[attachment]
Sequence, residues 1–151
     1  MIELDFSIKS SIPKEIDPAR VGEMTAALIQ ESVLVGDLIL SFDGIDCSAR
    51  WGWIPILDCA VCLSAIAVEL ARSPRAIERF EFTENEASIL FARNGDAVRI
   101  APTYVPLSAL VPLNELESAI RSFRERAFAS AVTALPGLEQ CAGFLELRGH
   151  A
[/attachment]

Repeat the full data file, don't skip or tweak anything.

Sequence, residues 1–151
     1  MIELDFSIKS SIPKEIDPAR VGEMTAALIQ ESVLVGDLIL SFDGIDCSAR
    51  WGWIPILDCA VCLSAIAVEL ARSPRAIERF EFTENEASIL FARNGDAVRI
   101  APTYVPLSAL VPLNELESAI RSFRERAFAS AVTALPGLEQ CAGFLELRGH
   151  A